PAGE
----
Iraq's semi-autonomous Kurdish region halted oil exports yesterday, a move that will result in ‘big losses' for the national economy, Iraq's oil minister said.
Kurdish government officials were not available for comment on the reason for the halt.
Prime Minister Nuri Al Maliki's adviser on Kurdish affairs said the stoppage was a reaction to central government approving a new oil and gas law without consulting Kurdish leaders.
"Kurdish authorities are upset by the Cabinet decision to pass such a vital law without discussing it with its major partner in government," Al Maliki adviser Adel Barwari told Reuters. "Kurds have the feeling they were intentionally ignored."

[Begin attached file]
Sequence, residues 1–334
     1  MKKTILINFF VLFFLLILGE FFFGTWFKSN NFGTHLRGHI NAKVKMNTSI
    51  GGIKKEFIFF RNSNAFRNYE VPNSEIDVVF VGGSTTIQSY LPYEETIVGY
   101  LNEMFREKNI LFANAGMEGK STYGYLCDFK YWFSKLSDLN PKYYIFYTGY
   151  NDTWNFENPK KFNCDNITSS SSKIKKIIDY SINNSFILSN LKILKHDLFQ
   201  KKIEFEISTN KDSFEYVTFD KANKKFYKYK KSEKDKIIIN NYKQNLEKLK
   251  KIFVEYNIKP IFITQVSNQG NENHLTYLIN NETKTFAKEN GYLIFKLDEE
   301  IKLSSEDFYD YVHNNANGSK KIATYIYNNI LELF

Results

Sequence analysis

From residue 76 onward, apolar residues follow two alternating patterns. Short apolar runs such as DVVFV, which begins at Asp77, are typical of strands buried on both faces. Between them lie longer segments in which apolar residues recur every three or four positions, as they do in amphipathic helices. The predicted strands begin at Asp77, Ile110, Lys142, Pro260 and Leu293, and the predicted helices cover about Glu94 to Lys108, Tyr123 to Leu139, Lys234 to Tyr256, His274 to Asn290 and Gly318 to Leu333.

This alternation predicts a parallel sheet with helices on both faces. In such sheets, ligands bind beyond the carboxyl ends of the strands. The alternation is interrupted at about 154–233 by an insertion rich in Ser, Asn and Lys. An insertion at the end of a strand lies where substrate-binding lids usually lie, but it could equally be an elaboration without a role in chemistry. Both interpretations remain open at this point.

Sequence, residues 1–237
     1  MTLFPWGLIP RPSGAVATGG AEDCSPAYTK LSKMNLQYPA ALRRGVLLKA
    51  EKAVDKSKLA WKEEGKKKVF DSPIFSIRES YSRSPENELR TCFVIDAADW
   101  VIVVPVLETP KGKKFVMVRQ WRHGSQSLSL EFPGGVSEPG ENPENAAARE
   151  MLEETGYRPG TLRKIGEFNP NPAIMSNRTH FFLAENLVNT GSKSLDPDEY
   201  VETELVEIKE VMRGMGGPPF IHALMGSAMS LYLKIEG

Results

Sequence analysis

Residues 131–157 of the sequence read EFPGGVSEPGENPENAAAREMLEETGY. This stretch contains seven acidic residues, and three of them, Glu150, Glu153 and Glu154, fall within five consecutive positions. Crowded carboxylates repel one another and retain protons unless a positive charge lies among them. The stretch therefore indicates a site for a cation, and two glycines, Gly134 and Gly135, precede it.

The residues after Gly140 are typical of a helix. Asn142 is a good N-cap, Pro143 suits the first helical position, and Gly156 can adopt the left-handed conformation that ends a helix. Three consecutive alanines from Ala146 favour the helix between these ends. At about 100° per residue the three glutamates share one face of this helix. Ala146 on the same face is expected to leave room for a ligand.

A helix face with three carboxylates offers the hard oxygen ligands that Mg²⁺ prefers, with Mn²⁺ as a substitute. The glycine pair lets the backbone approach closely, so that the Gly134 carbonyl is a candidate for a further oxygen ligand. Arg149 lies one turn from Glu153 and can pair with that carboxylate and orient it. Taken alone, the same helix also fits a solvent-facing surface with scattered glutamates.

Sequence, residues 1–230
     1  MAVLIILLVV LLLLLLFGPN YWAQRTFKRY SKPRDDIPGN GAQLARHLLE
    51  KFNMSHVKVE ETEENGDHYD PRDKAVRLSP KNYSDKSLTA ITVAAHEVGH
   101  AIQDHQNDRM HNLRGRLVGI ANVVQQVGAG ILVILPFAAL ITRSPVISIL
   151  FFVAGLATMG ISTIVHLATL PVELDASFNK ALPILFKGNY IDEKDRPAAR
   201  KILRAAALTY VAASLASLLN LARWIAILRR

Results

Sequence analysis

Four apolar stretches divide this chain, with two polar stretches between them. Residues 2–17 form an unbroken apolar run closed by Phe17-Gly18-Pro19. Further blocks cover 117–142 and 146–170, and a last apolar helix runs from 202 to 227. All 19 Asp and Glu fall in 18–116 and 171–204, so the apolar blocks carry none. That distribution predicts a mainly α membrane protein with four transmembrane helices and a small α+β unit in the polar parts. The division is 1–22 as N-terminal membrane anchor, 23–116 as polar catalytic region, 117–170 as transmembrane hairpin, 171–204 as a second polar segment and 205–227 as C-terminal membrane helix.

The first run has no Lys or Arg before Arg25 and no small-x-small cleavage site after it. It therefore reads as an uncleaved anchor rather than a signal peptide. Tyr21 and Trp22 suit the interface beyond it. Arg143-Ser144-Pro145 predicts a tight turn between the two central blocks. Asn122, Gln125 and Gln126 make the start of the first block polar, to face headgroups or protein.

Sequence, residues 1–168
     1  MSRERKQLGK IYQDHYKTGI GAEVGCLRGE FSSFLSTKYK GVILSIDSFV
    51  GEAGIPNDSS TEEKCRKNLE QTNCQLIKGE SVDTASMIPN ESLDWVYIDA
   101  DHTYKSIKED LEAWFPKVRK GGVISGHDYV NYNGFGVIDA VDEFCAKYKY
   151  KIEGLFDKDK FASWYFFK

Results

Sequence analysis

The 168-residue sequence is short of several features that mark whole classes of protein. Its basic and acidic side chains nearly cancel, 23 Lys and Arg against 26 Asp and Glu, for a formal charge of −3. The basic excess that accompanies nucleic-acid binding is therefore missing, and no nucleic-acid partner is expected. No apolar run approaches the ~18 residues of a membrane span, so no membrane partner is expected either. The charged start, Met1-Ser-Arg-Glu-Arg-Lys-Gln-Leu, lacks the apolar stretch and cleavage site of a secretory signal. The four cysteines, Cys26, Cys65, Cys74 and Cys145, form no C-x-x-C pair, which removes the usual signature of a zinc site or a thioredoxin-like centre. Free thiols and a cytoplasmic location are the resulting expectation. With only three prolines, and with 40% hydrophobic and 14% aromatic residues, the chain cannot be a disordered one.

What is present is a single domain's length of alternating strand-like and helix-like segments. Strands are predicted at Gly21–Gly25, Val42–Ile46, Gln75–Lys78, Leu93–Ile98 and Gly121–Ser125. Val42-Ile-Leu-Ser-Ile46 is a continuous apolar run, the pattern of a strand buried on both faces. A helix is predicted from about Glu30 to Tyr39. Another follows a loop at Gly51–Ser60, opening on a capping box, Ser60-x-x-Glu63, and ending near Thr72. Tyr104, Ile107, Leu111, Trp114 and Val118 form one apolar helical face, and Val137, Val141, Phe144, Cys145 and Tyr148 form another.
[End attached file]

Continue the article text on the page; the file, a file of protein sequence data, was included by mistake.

There has been a long-running feud between Iraq's central government in Baghdad and the Kurdistan Regional Government (KRG) in Arbil over control of northern oilfields. Kurdish authorities previously halted exports in 2009, a stoppage that lasted for more than a year until the flow of oil resumed in February.
At a meeting with foreign oil firms in Amman, Jordan, oil minister Abdul Kareem Luaibi said in a statement the KRG had given no reason for the export halt, which would mean "big losses for the Iraqi economy, which will be reflected on its revenues, on the people in the region specifically and the Iraqi people in general."